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The Captain of the Gray-Horse Troop

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Winter in the upper heights of the Bear Tooth Range is a glittering desolation of snow with a flaming blue sky above. Nothing moves, nothing utters a sound, save the cony at the mouth of the spiral shaft, which sinks to his deeply buried den in the rocks. The peaks are like marble domes, set high in the pathway of the sun by day and thrust amid the stars by night. The firs seem hopeless under their ever-increasing burdens. The streams are silenced—only the wind is abroad in the waste, the tireless, pitiless wind, fanged like ingratitude, insatiate as fire.

But it is beautiful, nevertheless, especially of a clear dawn, when the shadows are vividly purple and each rime-wreathed summit is smit with ethereal fire, and each eastern slope is resplendent as a high-way of powdered diamonds—or at sunset, when the high crests of the range stand like flaming mile-stones leading to the Celestial City, and the lakes are like pools of pure gold caught in a robe of green velvet. Yet always this land demands youth and strength in its explorer.

King Frost's dominion was already complete over all the crests, over timber-line, when young Captain Curtis set out to cross the divide which lay between Lake Congar and Fort Sherman—a trip to test the virtue of a Sibley tent and the staying qualities of a mountain horse.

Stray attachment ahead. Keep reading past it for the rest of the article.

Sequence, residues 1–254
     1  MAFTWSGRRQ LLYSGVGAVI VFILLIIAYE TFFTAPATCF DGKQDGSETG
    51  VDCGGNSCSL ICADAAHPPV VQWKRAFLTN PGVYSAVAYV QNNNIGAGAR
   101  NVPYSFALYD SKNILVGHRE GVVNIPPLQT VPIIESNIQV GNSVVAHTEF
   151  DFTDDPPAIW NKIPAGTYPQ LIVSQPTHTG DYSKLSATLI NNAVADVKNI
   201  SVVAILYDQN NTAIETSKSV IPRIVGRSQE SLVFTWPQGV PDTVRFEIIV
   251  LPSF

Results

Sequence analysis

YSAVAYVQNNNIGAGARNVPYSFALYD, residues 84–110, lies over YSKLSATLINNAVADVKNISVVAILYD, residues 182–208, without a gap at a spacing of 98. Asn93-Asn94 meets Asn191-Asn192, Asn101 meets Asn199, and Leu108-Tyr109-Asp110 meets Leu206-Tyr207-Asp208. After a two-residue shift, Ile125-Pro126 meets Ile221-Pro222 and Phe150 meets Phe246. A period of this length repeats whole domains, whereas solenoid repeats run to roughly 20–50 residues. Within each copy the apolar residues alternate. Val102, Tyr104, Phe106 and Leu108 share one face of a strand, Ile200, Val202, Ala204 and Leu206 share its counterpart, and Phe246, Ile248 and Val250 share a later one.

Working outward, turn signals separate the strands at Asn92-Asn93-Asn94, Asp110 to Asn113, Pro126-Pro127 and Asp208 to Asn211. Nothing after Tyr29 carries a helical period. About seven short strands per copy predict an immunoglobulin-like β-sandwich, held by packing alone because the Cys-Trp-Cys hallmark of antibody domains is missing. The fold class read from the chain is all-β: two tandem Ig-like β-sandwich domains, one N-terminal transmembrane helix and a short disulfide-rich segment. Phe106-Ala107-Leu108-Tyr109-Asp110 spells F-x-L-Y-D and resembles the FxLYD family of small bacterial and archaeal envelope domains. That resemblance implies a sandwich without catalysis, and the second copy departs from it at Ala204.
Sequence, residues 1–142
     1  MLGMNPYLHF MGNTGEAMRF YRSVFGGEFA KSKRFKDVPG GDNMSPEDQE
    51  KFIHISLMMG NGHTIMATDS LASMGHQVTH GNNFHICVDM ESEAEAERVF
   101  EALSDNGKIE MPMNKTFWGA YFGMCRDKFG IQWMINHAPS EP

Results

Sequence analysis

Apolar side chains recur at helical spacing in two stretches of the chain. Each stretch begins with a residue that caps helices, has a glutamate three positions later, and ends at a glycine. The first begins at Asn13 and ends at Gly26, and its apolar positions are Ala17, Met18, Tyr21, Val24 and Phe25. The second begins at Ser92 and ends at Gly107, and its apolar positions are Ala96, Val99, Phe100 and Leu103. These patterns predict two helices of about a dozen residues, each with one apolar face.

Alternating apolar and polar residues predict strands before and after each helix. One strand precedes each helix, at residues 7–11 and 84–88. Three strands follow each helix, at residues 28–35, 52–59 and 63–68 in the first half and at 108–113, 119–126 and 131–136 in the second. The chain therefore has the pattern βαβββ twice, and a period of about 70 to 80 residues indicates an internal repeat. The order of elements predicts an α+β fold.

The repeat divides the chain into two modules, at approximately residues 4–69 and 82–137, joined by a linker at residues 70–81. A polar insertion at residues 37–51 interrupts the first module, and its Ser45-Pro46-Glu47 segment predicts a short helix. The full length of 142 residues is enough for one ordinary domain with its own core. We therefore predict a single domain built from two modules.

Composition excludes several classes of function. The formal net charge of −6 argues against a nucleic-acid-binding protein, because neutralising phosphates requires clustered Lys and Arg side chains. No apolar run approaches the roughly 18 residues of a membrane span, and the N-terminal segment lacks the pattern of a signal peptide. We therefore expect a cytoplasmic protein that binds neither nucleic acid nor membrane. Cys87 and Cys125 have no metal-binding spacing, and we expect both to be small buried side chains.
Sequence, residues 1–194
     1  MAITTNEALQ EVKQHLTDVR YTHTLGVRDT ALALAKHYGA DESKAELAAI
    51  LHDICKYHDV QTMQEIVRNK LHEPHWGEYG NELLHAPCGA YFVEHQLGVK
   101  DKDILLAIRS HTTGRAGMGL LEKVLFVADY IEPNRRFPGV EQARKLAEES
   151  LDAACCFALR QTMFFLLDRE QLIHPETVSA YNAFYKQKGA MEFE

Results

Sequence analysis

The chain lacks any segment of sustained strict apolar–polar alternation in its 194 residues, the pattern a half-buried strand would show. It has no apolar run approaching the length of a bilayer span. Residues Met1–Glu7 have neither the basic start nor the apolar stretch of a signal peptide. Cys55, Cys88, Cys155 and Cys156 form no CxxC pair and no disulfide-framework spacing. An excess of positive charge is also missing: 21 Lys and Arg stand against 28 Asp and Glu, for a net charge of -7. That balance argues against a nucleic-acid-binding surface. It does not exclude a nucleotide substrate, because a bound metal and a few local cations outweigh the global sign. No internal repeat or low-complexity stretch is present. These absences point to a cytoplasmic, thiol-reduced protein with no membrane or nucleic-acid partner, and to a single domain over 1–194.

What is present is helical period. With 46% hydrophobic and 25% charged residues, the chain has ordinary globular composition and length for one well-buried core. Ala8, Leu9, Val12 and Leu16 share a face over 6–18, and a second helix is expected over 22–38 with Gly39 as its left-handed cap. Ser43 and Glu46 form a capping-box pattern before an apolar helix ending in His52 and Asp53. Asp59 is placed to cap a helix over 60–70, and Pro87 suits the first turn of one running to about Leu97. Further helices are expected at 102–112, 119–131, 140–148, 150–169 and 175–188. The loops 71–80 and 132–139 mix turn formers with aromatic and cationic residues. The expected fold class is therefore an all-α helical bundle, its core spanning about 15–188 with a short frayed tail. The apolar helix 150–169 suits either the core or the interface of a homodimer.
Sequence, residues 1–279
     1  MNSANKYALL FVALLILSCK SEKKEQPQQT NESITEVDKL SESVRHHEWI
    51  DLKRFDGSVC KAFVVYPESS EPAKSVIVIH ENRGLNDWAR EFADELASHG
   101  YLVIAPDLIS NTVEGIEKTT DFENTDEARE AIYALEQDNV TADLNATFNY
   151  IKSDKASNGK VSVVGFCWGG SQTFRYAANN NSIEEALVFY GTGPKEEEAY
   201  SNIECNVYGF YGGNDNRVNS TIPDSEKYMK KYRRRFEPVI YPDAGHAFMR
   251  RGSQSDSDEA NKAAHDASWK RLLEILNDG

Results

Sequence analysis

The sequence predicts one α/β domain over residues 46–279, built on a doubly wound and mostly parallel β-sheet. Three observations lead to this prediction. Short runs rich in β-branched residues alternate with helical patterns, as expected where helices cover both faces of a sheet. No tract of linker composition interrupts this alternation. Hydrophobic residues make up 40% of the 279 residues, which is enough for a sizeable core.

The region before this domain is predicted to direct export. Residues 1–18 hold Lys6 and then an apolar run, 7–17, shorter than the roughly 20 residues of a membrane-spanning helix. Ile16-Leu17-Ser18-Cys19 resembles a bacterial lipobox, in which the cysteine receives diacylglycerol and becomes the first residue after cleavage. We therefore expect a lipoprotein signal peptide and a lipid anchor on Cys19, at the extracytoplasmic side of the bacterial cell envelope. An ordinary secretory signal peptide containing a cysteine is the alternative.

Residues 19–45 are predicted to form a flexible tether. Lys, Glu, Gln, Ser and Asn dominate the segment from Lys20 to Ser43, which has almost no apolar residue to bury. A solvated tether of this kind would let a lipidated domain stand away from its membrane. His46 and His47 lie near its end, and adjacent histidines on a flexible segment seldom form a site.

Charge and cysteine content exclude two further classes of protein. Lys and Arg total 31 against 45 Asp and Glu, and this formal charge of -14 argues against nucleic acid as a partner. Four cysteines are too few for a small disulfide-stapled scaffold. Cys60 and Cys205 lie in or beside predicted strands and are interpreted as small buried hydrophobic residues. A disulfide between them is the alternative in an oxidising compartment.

Bennett, the hairy trapper at the head of the lake, advised against it. "The snow is soft—I reckon you better wait a week."

But Curtis was a seasoned mountaineer and took pride in assaulting the stern barrier. "Besides, my leave of absence is nearly up," he said to the trapper.

"Well, you're the doctor," the old trapper replied. "Good luck to ye, Cap."

It was sunrise of a crisp, clear autumn morning when they started, and around them the ground was still bare, but by noon they were wallowing mid-leg deep in new-fallen snow. Curtis led the way on foot—his own horse having been packed to relieve the burdens of the others—while Sergeant Pierce, resolute and uncomplaining, brought up the rear.

"We must camp beside the sulphur spring to-night," Curtis said, as they left timber-line and entered upon the bleak, wind-swept slopes of Grizzly Bear.

"Very well, sir," Pierce cheerily replied, and till three o'clock they climbed steadily towards the far-off glacial heights, the drifts ever deepening, the cold ever intensifying. They had eaten no food since dawn, and the horses were weak with hunger and weariness as they topped the divide and looked down upon the vast eastern slope. The world before them seemed even more inhospitable and wind-swept than the land they had left below them to the west. The air was filled with flying frost, the sun was weak and pale, and the plain was only a pale-blue sea far, far below to the northeast. The wind blew through the pass with terrible force, and the cold nipped every limb like a famishing white wolf.

"There is the sulphur spring, sir," said Pierce, pointing towards a delicate strand of steam which rose from a clump of pines in the second basin beneath them....